WEEK 2 – 15th January

“The curriculum introduces programmable toys as a good example for developing knowledge and understanding of the contemporary world.” (Janka, 2008, p.2) According to Alison Lydon children gain independence whilst working with beebots, after initial instruction most children were able to work independently. (Lydon, 2008)

I worked with Keryn in order to complete the beebot assessment task. For this assessment we were required to make a beebot mat game that could be used in the classroom to achieve CfE outcomes.

We chose to base ours around Maths and Health and Wellbeing. The CfE outcomes we chose were:


“I can use addition, subtraction, multiplication and division when solving problems, making best use of the mental strategies and written skills I have developed.”


“I can explore and experiment with digital technologies and can use what I learn to support and enhance my learning in different contexts.”


“I understand that my body needs energy to function and that this comes from the food I eat. I am exploring how physical activity contributes to my health and wellbeing.”

In sticking with our areas of maths and health and well-being we decided to create a Beebot mat with sum cards to go along with it. On our mat, we created flaps for each square, on these we wrote numbers between one and twenty and coloured them in muilticoloured.

We then cut pieces of paper to use as sum cards. On these we wrote sums that added up to numbers between one and twenty.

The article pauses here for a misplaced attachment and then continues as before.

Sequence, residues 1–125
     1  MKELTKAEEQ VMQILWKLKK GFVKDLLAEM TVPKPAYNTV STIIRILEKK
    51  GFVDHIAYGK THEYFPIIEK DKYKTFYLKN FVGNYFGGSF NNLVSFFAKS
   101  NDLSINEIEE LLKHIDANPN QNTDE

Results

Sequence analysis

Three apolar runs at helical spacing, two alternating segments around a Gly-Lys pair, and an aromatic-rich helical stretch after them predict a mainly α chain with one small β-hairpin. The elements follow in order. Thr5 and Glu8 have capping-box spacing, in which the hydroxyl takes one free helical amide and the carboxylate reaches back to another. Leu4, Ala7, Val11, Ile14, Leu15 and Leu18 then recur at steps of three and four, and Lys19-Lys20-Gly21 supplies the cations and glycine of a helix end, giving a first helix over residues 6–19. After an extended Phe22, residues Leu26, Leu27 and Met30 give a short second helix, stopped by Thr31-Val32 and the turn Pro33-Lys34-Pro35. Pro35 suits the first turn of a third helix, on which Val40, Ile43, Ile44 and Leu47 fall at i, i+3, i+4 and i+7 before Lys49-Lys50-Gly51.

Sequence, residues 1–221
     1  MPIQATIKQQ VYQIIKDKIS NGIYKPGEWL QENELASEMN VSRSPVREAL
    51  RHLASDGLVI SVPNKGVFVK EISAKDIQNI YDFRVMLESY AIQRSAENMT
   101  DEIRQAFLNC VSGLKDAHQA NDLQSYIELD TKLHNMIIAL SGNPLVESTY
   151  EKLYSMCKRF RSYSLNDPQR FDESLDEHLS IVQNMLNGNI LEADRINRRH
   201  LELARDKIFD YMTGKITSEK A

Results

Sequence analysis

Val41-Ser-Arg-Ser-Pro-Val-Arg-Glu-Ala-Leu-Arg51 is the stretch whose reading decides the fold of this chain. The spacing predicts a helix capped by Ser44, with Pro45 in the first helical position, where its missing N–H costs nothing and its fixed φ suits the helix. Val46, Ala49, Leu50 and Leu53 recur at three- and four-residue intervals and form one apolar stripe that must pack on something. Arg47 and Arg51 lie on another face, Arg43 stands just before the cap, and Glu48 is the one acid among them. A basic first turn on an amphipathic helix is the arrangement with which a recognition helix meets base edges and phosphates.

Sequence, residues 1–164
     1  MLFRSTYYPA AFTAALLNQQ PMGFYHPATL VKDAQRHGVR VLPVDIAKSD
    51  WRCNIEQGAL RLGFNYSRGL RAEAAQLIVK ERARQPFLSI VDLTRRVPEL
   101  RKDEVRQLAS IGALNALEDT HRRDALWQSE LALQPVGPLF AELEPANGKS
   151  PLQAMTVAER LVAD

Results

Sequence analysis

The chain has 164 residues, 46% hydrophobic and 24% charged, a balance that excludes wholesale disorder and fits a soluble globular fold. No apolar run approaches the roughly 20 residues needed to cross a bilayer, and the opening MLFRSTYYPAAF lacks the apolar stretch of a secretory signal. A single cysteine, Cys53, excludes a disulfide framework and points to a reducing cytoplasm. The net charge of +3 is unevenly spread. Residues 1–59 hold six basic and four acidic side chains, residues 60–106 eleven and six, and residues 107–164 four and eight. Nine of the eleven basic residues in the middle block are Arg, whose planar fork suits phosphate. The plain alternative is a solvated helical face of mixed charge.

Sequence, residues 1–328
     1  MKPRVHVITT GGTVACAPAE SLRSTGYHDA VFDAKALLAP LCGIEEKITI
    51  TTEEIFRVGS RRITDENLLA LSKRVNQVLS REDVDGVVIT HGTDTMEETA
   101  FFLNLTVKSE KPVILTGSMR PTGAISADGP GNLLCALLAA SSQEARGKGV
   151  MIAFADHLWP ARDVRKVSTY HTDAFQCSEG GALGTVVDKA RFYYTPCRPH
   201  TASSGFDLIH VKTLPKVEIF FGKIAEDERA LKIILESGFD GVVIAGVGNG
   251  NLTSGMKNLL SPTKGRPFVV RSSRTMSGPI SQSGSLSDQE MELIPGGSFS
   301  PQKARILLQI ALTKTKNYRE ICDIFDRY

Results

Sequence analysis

Going back to our mat we lifted up the flaps and stuck down images of physical activities.

Our Beebot game works by the children placing the Beebot at the start, they are then required to pick up a sum card. They have to find the answer to the sum by either adding or subtracting. They then have to programme the Beebot to move from the starting line to the number on the mat that was the answer to their sum. Once they get the Beebot there, they have to lift up the flap and see the activity. They are then required to complete the activity as many times as the number on the flap.  For example, if a child picks up a card saying “5+7”, they will then have to move the Beebot to the number 12 on the mat. They then have to lift up the number 12 and see a picture of an activity like star jumps, they then have to do 12 star jumps. It is then the next players turn.

I really enjoyed working with the Beebots and think this would be a great resource for in the classroom. Although we completed our assignment on paper with a mat, there is also an app for the ipad that allows you to program a Beebot and move it around the screen. Personally, I think that the real life form of the Beebot would be more affective within the classroom. As this gives the pupils an opportunity to hold it in their hand, therefore, when thinking back to programming they will be more likely to remember. It also allows the pupils the chance to communicate with eachother because they will be working in teams.

Overall, I enjoyed week 2 working with programmable toys. I had a good experience and felt confident with the programming side of Beebots. However, one area I struggled with and will have to work on was the creative side of Beebots, I struggle coming up with ideas then making my ideas come to life.


Janka (2008). [online] Available at: [Accessed 16 Jan. 2019].

Lydon, A. (2008) Robots in Early Education. Sharing Good Practice (2019). [online] Available at: [Accessed 16 Jan. 2019].

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